travel advisory

Canadians warned to be cautious about travelling to Hong Kong amid unrest

Canadians in Hong Kong should contact the Canadian consulate there if they need help

The federal government is warning Canadians about travelling to Hong Kong amid massive protests and the Chinese military amassing on the border.

The travel advisory went up around 9:30 ET this morning telling Canadians to “exercise a high degree of caution in Hong Kong due to ongoing large-scale demonstrations.”

“Our government is very aware that there are 300,000 Canadians in Hong Kong,” Foreign Affairs Minister Chrystia Freeland told a news conference Wednesday in Toronto, where she met with German’s foreign minister Heiko Maas.

“This is a turbulent moment in the world…. I would urge all Canadians, if you live in Hong Kong, if you are travelling there, if you have relatives who are there or are travelling there, to look at our travel advice.”

Canadians in Hong Kong should contact the Canadian consulate there if they need help, she added.

READ MORE: Flights out of Hong Kong cancelled again amid protests

Demonstrators and police have clashed violently in recent days after protesters took over the airport, shutting down all flights in or out for two days.

The demonstrations began last spring after the Hong Kong government introduced a bill that would allow Hong Kong citizens to be sent to China if they are arrested. The protests escalated in June and have continued.

On Monday, the second day protesters shut down the airport, clashes with riot police became violent. Chinese troops, meanwhile, have been seen amassing in large numbers in Shenzhen, a Chinese city about 30 kilometres from Hong Kong.

More than 600 people have been arrested in Hong Kong as demonstrators voice their calls for democratic reforms.

The Chinese government referred to the protesters as terrorists. Freeland said governments should be careful about such labels.

“I think that it is very important everywhere in the world for governments to listen to the concerns of their people,” she said, adding that while it may be tempting for governments to label protesters as something else when they do not agree with the message, ”it is a mistake to do that.”

Canada’s relationship with China is fraught with tension over Canada’s arrest of Chinese telecom executive Meng Wanzhou, and China’s subsequent detention of two Canadians allegedly for national security reasons.

Businessman Michael Spavor and former diplomat Michael Kovrig were detained in China in December shortly after Meng was arrested at the Vancouver airport to face possible extradition to the United States, where she faces fraud charges.

Freeland acknowledged “the dignity and the courage” of the two detained men and their families, and mentioned her one-on-one meeting with China’s foreign minister Wang Yi last month in Thailand, where they discussed the Spavor and Kovrig matter as well as the extradition process for Meng.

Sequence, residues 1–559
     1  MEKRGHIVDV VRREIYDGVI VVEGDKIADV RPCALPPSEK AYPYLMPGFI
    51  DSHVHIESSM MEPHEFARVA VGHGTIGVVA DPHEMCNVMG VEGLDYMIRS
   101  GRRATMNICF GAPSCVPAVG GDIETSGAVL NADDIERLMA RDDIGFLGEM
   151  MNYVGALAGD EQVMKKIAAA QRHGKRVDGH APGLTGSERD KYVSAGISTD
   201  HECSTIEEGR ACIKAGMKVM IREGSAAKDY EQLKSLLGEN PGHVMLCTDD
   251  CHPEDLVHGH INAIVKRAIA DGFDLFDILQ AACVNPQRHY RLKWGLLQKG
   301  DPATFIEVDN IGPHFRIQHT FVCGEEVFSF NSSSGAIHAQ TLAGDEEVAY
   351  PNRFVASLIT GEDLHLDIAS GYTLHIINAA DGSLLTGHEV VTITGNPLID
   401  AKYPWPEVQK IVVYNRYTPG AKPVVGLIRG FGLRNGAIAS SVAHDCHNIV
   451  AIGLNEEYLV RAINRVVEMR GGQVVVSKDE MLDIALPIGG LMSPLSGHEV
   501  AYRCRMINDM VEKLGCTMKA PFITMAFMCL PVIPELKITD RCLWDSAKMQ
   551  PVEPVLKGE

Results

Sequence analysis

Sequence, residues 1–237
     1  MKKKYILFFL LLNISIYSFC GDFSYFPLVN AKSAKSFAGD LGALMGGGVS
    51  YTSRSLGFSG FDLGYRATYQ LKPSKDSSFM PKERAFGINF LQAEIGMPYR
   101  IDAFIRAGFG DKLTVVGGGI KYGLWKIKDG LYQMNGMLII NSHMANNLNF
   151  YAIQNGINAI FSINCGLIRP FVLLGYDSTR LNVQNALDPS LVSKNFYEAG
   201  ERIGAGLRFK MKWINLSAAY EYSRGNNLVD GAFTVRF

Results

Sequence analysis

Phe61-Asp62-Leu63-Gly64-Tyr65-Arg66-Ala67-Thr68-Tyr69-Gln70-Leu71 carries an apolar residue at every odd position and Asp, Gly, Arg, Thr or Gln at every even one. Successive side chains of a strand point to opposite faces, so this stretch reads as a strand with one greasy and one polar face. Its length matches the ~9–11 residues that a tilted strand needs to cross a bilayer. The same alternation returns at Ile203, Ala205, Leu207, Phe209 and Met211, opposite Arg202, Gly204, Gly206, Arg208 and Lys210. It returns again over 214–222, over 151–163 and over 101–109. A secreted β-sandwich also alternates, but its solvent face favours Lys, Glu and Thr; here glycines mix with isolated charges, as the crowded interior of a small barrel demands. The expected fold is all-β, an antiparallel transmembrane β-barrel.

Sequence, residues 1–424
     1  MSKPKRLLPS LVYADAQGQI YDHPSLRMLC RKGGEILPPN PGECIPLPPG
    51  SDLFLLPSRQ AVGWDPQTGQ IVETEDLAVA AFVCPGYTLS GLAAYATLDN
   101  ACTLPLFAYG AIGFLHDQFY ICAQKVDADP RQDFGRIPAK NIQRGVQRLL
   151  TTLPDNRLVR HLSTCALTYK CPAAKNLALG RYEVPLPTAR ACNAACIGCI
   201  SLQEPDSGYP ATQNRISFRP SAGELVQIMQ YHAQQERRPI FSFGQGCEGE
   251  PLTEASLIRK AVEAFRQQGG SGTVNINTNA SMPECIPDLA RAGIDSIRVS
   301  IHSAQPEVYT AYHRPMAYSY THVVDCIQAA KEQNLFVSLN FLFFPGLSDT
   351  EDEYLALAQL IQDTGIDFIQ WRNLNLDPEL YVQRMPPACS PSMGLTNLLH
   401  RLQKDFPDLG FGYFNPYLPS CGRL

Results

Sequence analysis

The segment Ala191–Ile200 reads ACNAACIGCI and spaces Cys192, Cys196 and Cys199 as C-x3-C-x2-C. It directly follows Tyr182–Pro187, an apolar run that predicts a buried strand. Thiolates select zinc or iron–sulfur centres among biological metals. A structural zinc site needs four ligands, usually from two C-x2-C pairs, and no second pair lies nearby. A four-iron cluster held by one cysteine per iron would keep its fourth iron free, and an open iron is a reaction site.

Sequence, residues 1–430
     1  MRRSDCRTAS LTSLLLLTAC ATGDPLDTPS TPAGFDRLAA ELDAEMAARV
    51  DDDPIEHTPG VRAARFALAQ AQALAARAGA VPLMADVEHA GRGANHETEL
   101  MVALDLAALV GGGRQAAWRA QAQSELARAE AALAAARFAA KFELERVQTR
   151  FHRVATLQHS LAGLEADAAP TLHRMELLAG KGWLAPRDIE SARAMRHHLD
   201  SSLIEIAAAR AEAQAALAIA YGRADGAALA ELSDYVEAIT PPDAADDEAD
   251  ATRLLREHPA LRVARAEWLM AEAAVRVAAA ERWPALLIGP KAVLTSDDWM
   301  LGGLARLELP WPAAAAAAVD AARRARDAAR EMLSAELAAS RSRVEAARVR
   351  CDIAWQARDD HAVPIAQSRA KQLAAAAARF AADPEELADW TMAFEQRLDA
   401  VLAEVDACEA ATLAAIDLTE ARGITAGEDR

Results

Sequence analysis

“It was a positive step that we were able to have a direct conversation about that.”

The Canadian Press

Like us on Facebook and follow us on Twitter.

Get local stories you won't find anywhere else right to your inbox.
Sign up here

Just Posted

Editorial: Mask wearing: innocuous advice has turned into polarizing war

Somehow, this innocuous recommendation has become a polarizing war for some.

UPDATED: Young deckhands backed out of fatal Arctic Fox II trip just before fishboat departed

Inexperienced twin brothers had ‘gut feeling’ and bailed before going to open ocean

Cowichan’s Dillabaugh checks in from the NHL bubble in Toronto

Flyers’ Duncan-born goalie coach weighs in on hockey restart

37-year-old man missing from Cobble Hill area

He is described as a First Nations man, 5 foot 8 in height

Five new handyDART buses serving Cowichan

Buses to replace older vehicles being removed from the fleet

B.C. records new COVID-19 death, 85 more cases; Horgan calls on celebrity help

This brings the total number of active confirmed cases to 531 across the province

Horvat scores 2 as Vancouver Canucks beat Blues 5-2 in NHL playoff opener

Game 2 in best-of-seven series goes Friday night

Old-growth forest defenders in Campbell River call for B.C. forest minister’s resignation

Protestors outside North Island MLA’s office ask government to stop old-growth logging

Teachers to get 2 extra days to prepare for students’ return, now set for Sept. 10

Students will first start with orientation and learn rules of COVID-19 classroom policies

High-volume littering at Cape Scott draws ire from hiking groups

Popular Vancouver Island hiking spot not closing, but frustration about crowding grows

SFU to drop ‘Clan’ varsity team name

The ‘Clan’ name is shortened from ‘Clansmen,’ and was introduced roughly 55 years ago

New Tory leader must build a strong team in Commons and for the campaign: Scheer

Scheer marked his final day in the House of Commons today as leader of the Opposition

B.C. to hire 500 more COVID-19 contact tracers ahead of fall

Contract tracers add an ‘extra layer’ in the fight against the novel coronavirus

More than $800,000 in suspected cocaine seized from ship near Victoria

RCMP Dive Team suspects more narcotics had been stored below ship’s waterline

Most Read